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Regulating legal drugs: What can Canada learn from Sweden?

A collaboration between the University of Victoria and an international team of leading alcohol researchers could contain valuable lessons on the importance of applying evidence-based policy to the regulation of alcohol and other legal drugs.

Tim Stockwell, director of UVic’s Centre for Addictions Research of BC, led the research team contracted by Systembolaget—the Swedish government alcohol monopoly responsible for take-away alcohol sales—to measure the health and safety benefits of retaining the monopoly.

The report’s findings could have implications for local, provincial and federal government as more Canadian jurisdictions privatize the distribution and sale of alcohol, and with cannabis legalization slated for July 2018.

Researchers estimated the effect of removing Sweden’s alcohol retail monopoly on alcohol consumption and alcohol-related harms, including hospital admissions and crimes, by looking at two different privatization scenarios: replacing government liquor stores with private liquor stores, and selling alcohol in grocery stores.

Their analysis projected a 20 per cent increase in alcohol consumption in the first scenario, and a 31 per cent increase in the second.

Increases in consumption were reflected in alcohol-related harms: they estimated a 22 to 33 per cent increase in alcohol-attributable hospitalizations, a 41 to 66 per cent increase in deaths, and a 34 to 58 per cent increase in drunk driving offences respectively.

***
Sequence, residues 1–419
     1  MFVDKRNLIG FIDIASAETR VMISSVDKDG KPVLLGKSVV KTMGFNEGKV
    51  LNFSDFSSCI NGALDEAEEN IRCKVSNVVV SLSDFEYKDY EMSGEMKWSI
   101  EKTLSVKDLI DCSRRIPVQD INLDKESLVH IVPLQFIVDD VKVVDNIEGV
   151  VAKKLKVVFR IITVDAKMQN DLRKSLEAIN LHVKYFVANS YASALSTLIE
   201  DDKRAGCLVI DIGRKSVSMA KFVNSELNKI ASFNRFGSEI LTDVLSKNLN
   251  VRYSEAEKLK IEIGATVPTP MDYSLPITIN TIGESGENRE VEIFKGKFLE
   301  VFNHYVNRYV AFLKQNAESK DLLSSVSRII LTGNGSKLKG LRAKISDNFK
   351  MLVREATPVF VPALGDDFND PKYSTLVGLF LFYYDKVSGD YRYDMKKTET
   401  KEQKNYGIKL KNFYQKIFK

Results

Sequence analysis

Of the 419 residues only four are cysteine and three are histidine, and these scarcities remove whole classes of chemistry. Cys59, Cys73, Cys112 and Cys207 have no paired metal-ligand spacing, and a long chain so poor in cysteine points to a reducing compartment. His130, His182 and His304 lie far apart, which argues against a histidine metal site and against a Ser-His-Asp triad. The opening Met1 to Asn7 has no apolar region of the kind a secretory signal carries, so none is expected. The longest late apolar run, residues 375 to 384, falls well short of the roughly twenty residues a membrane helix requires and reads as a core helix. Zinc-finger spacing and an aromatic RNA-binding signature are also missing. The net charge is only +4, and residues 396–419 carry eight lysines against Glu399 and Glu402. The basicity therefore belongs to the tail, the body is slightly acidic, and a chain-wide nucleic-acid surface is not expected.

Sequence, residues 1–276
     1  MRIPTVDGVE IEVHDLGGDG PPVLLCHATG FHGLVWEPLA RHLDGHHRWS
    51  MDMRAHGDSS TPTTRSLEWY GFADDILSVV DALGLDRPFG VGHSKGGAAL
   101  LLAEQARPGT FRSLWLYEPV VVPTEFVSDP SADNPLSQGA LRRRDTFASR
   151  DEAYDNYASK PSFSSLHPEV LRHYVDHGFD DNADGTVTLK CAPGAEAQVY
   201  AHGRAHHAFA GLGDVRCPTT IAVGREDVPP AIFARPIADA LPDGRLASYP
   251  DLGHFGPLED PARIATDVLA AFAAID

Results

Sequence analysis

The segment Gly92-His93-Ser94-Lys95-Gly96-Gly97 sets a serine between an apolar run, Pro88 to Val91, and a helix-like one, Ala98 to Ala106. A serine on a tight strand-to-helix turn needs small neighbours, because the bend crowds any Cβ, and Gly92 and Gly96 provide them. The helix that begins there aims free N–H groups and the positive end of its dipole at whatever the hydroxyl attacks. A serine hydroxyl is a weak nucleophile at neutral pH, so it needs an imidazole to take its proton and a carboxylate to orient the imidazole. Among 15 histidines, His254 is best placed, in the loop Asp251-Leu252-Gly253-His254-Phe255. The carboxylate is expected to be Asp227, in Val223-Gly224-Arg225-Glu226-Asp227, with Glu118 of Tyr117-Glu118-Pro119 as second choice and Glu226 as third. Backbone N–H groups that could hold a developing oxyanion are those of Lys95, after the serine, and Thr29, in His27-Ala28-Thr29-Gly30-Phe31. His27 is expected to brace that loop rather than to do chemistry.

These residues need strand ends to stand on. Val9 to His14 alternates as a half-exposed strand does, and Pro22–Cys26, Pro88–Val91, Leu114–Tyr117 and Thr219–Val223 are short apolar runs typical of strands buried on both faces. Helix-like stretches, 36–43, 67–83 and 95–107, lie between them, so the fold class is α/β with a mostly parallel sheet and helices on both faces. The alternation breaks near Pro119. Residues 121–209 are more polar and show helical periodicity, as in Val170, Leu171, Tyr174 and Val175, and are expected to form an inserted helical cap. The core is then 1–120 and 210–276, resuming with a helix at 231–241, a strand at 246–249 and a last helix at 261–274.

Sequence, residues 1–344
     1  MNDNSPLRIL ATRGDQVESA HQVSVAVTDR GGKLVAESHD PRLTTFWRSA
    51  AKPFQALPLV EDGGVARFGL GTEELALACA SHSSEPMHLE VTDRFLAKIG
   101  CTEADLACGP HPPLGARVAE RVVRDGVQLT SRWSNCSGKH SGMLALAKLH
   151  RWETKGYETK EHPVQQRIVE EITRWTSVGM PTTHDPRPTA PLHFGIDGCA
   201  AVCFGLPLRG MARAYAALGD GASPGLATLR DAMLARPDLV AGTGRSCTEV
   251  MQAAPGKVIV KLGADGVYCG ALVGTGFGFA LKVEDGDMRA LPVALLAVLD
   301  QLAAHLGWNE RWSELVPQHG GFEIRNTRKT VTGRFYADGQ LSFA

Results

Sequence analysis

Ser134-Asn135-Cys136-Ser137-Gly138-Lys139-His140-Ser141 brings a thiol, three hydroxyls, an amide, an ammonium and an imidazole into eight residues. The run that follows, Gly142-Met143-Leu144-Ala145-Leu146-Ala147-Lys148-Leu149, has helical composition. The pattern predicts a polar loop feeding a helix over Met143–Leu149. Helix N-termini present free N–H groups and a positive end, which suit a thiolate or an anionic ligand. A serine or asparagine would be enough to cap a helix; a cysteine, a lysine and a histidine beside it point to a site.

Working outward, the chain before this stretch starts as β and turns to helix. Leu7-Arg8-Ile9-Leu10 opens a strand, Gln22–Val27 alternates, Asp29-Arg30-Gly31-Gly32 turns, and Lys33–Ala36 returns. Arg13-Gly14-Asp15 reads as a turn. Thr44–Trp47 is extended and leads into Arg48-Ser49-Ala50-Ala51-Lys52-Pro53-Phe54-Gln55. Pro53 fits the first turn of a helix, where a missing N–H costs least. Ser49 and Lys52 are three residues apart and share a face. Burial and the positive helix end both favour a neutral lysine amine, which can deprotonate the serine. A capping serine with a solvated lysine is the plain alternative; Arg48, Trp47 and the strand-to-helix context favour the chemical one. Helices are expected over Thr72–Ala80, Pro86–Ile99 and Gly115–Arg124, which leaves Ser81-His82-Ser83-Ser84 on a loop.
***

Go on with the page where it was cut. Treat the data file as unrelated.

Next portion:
“Systembolaget represents international world best practice by placing the government distributor of alcohol within a ministry of health as opposed to finance, the usual reporting structure for the 30 full or partial monopoly jurisdictions left in Canada and US,” says Stockwell. “This ensures that alcohol and drug policy is viewed primarily through a public health lens, not an economic one.” (For more on this, see Stockwell’s opinion piece in today’s Hill Times.)

“The public health consequences of alcohol and cannabis use are substantial,” says UVic PhD student Adam Sherk, a member of the research team. “When evidence-based policies are applied, fewer lives are lost, fewer people are admitted to hospital and fewer crimes are committed. It’s time for Canada to heed the lessons learned from other jurisdictions.”

Researchers from Australia, the UK, Finland, Sweden and the US were also members of the team.

Download the executive summary of the Systembolaget report. (PDF copies of the full report are available in English on request.)

Download an infographic summarizing research findings.

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Media contacts

Tim Stockwell (Director, UVic’s Centre for Addictions Research) at timstock@uvic.ca

Adam Sherk (PhD Student, UVic’s Centre for Addictions Research/Social Dimensions of Health) at 250-853-3235 or asherk@uvic.ca

Suzanne Ahearne (University Communications + Marketing) at 250-721-6139 or sahearne@uvic.ca

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